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Pure and Applied Geophysics

, Volume 175, Issue 10, pp 3441–3450 | Cite as

Statistical Analysis of TEC Anomalies Prior to M6.0+ Earthquakes During 2003–2014

  • Fuying Zhu
  • Fanfan Su
  • Jian Lin
Article
  • 114 Downloads

Abstract

There are many studies on the anomalous variations of the ionospheric TEC prior to large earthquakes. However, whether or not the morphological characteristics of the TEC anomalies in the daytime and at night are different is rarely studied. In the present paper, based on the total electron content (TEC) data from the global ionosphere map (GIM), we carry out a statistical survey on the spatial–temporal distribution of TEC anomalies before 1339 global M6.0+ earthquakes during 2003–2014. After excluding the interference of geomagnetic disturbance, the temporal and spatial distributions of ionospheric TEC anomalies prior to the earthquakes in the daytime and at night are investigated and compared. Except that the nighttime occurrence rates of the pre-earthquake ionospheric anomalies (PEIAs) are higher than those in the daytime, our analysis has not found any statistically significant difference in the spatial–temporal distribution of PEIAs in the daytime and at night. Moreover, the occurrence rates of pre-earthquake ionospheric TEC both positive anomalies and negative anomalies at night tend to increase slightly with the earthquake magnitude. Thus, we suggest that monitoring the ionospheric TEC changes at night might be a clue to reveal the relation between ionospheric disturbances and seismic activities.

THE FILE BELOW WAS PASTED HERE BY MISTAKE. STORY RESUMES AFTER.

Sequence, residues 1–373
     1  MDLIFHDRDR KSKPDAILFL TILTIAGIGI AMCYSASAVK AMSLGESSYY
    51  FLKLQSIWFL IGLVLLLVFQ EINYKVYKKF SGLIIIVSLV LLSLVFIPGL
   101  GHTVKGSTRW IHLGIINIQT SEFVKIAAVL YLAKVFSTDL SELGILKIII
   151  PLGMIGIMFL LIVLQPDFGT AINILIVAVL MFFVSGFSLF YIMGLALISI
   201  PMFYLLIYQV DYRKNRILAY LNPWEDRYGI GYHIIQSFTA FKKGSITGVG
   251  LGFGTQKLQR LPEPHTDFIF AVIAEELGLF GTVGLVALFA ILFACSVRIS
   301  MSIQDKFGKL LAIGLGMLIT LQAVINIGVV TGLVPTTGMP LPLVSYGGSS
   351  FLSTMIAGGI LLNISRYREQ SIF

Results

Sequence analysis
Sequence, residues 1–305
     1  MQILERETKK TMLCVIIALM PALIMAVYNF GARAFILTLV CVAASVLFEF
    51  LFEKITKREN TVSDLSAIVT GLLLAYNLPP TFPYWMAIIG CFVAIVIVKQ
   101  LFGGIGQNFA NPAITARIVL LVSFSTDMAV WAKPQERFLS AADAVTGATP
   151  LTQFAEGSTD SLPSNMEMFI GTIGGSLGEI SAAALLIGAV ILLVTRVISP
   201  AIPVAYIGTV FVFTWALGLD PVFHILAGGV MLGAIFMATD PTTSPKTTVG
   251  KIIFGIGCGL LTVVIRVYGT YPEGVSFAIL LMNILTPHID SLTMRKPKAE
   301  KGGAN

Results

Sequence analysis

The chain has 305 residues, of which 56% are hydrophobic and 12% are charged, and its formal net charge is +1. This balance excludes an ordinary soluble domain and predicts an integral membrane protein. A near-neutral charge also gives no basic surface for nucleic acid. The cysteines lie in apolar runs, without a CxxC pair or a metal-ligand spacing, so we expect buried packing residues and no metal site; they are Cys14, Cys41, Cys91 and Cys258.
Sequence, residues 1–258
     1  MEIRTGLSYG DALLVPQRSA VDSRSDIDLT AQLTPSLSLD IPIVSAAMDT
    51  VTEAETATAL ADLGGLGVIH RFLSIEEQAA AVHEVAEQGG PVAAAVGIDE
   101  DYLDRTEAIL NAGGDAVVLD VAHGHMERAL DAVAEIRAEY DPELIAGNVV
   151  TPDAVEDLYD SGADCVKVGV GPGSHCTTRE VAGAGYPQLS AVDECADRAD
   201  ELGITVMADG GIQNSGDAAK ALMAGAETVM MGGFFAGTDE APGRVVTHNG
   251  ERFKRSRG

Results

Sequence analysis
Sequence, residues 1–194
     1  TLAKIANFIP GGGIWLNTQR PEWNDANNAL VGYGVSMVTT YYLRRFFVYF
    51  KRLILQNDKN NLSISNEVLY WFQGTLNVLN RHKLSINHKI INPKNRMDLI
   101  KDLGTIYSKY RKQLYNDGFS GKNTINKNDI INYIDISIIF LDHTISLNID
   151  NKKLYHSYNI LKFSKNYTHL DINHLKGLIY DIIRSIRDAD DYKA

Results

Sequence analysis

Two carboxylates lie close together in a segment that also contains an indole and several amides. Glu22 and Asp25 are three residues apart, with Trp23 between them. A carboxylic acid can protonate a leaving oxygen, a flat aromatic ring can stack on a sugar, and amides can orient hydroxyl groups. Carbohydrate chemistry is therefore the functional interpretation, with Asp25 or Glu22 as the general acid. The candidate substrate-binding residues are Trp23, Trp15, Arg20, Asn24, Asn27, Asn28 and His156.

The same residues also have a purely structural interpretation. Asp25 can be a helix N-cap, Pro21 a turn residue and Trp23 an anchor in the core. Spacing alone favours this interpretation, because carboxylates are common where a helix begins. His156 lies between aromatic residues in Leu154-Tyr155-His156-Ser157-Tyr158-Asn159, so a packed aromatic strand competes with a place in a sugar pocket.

Keywords

Temporal and spatial distribution total electron content anomaly earthquake 

Notes

Acknowledgements

The authors are thankful to the CODE, USGS, NOAA for providing related data used in this study. This work has been partially supported by Scientific Research Fund of Institute of Seismology, China Earthquake Administration (Grant no. IS201616256) and the National Natural Science Foundation of China Project (Grant no. 41304047).

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© Springer International Publishing AG, part of Springer Nature 2018

Authors and Affiliations

  1. 1.Key Laboratory of Earthquake GeodesyInstitute of Seismology, China Earthquake AdministrationWuhanChina
  2. 2.Wuhan Base of Institute of Crustal Dynamics, China Earthquake AdministrationWuhanChina

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